Compassionate Outplacement: Back to Basics
“Compassionate Outplacement: Back to Basics”
By: Meredith Masse
Letting employees go is undoubtedly one of the toughest parts of any leader’s role, not to mention that it’s painful for the employees as well as their surviving colleagues. As you navigate layoffs and major organizational changes, you want to do the right thing by your people. You also want to maintain your good reputation and manage costs.
A few dos and don’ts to help make sure you do right by your employees:
DO consult an employment attorney. Getting expert advice will help you avoid any legal missteps that could ultimately cost the company.
DON’T tie outplacement services to the severance agreement. Partner with an outplacement firm that focuses on helping separated employees move forward — versus focusing on what they’ve lost (and contacting their own counsel). That said:
DO partner with an outplacement firm. A true partner will support you in:
- Preparing and planning for all the steps leading up to the day of notifications, including logistics as well as planning for unexpected emergencies.
- Crafting company-wide communications that focus on the business reasons for the terminations.
- Training and scripting managers with concise messaging for the notification meetings. (I can’t tell you how often we’ve heard managers give a message in these important meetings that would make you cringe. It is important to help them prepare and practice.)
- Devising (prior to the notification) the “after care” plan for surviving employees. It’s important to support those on whom you’re relying to to maintain the company’s new standards and its “new normal.”
- Designing appropriate outplacement packages and services to take care of those leaving and demonstrate goodwill to the survivors.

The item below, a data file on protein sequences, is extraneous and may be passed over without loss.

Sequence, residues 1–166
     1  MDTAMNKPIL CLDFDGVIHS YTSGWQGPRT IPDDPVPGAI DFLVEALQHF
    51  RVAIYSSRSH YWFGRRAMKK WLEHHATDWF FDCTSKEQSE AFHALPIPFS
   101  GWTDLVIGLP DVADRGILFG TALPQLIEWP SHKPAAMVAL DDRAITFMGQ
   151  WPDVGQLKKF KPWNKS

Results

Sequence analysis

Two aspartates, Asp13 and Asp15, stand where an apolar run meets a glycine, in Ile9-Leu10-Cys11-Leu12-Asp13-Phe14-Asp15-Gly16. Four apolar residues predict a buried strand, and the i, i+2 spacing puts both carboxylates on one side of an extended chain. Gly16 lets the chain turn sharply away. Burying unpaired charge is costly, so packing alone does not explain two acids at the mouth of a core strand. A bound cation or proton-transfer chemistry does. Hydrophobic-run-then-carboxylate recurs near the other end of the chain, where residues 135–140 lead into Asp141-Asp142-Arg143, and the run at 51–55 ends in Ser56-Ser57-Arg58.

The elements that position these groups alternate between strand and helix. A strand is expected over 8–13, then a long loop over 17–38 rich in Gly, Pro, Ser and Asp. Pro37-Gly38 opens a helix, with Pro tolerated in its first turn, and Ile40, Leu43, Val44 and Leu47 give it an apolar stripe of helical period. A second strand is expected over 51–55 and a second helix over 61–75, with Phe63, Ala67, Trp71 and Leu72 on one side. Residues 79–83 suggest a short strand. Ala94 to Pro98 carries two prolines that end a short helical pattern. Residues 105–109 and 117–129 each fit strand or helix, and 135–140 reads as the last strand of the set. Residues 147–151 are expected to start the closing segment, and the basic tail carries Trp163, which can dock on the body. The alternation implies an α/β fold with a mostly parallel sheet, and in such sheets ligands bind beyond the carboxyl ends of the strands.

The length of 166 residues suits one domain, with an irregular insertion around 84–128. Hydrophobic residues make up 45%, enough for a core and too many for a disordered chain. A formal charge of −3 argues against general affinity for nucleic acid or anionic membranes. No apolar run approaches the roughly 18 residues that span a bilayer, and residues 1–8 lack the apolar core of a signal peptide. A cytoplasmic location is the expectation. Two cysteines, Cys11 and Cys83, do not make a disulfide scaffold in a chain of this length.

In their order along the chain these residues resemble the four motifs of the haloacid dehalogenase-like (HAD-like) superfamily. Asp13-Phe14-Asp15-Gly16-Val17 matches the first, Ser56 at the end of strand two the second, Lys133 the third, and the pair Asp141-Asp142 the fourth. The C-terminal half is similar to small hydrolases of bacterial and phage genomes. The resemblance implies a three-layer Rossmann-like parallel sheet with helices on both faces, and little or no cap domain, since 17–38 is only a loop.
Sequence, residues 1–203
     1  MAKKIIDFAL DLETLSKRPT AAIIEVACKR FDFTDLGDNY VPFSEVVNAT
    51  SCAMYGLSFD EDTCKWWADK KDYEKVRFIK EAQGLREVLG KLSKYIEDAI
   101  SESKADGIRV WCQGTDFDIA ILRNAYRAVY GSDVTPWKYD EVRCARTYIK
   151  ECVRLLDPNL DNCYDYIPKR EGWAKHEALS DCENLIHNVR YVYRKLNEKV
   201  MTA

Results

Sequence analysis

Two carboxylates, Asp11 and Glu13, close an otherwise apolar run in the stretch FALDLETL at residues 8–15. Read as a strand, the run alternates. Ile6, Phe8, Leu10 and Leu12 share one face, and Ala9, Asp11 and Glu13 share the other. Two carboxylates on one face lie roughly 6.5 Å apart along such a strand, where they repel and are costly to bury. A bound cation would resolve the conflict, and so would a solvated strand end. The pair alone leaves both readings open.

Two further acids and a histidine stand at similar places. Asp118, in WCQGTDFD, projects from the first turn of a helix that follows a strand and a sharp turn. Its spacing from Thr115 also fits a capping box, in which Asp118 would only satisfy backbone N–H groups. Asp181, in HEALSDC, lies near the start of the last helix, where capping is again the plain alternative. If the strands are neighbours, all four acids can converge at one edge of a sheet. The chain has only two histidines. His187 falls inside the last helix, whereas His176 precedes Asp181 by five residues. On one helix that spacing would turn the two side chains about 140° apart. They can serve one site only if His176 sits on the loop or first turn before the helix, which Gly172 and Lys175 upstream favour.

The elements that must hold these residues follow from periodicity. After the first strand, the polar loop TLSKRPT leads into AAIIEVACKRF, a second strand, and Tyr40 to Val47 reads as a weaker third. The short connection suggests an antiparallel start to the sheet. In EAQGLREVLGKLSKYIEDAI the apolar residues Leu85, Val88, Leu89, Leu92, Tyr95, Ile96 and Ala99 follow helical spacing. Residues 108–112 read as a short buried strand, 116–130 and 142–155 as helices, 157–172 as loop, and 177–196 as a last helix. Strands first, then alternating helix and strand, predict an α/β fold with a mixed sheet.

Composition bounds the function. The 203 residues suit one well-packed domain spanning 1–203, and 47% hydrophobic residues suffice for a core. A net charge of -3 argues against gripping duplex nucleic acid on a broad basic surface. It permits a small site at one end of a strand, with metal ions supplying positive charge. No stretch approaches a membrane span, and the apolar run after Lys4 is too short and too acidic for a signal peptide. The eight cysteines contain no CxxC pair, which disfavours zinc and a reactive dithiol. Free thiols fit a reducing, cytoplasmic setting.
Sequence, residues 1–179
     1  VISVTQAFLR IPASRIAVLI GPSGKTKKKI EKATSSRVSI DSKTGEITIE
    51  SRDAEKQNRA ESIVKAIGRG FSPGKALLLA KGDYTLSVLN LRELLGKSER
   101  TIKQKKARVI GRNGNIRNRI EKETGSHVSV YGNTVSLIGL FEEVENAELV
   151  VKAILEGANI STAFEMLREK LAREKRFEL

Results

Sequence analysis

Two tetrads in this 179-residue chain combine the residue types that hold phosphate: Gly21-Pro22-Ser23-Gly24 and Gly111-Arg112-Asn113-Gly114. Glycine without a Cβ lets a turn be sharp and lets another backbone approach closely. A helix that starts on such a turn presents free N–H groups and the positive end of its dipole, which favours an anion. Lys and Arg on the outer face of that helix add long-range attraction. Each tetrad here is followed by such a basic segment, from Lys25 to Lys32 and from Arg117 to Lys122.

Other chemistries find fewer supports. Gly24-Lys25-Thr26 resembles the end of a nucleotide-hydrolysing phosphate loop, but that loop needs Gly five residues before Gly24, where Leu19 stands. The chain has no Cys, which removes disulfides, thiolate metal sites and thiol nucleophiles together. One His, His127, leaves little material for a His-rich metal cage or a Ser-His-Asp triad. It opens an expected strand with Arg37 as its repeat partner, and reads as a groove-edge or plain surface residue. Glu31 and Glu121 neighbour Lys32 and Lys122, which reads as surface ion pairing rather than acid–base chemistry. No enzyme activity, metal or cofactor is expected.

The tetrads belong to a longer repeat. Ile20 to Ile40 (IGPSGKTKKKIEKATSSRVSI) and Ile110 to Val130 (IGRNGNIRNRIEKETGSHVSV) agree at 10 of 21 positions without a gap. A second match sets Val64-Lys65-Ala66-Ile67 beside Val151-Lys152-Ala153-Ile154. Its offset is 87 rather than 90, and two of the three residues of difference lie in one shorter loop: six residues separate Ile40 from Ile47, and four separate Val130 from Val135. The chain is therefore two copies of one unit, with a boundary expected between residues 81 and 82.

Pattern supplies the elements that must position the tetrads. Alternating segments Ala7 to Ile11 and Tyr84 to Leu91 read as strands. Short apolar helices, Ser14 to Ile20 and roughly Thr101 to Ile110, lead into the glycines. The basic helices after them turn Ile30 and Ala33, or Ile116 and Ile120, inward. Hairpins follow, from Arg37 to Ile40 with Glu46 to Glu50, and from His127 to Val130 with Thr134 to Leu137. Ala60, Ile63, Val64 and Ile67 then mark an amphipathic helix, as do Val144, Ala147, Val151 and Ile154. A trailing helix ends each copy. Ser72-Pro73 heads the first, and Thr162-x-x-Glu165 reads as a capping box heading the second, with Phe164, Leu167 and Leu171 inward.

- Creating an honest, compassionate external PR message. Media is kinder when they have a heads up than when they find out the “scoop” on their own. You want them telling your story, not theirs.
DON’T hesitate to ask outplacement firms these questions to make sure you find a partner that shares and will deliver on your company’s values at this difficult time:
- Can you help us plan for compassionate notifications?
- Can you help us train our managers and HR business partners on delivering the tough notification messages to our employees? What’s the cost for this training?
- Can you compassionately support an entire site closing so employees don’t feel like just a number?
- How do you work to meet each employee’s unique career needs?
- What’s the process for connecting separating employees to your services?
- Can you help us create a plan for taking care of “surviving” employees, too?
- Will all my departing employees work directly with a Professional Career Transition Coach?
- How soon will my employees meet with a Professional Career Transition Coach?
- How often will they meet?
- What will they work on together?
- What program levels are available for my budget? Can you help us put together appropriate levels based on position, tenure and other considerations?
- In what cities do you offer in-person services? Virtual services? Nationally? Globally?
- If my employee could benefit from other non-traditional services, what other services are available through their program?
- When are we invoiced for employees’ programs?
- Can we get updates on employees’ search progress? How often?
- Do you provide satisfaction ratings from employees?
“Other employees are watching the process, judging the professionalism and dignity – or lack of – to which the terminated employee is subjected. Our reactions and actions set the tone for our culture.”
~Dawn Iselin, SHRM-SCP, COO and HR consultant, American Industrial Werks, Schaumburg, IL.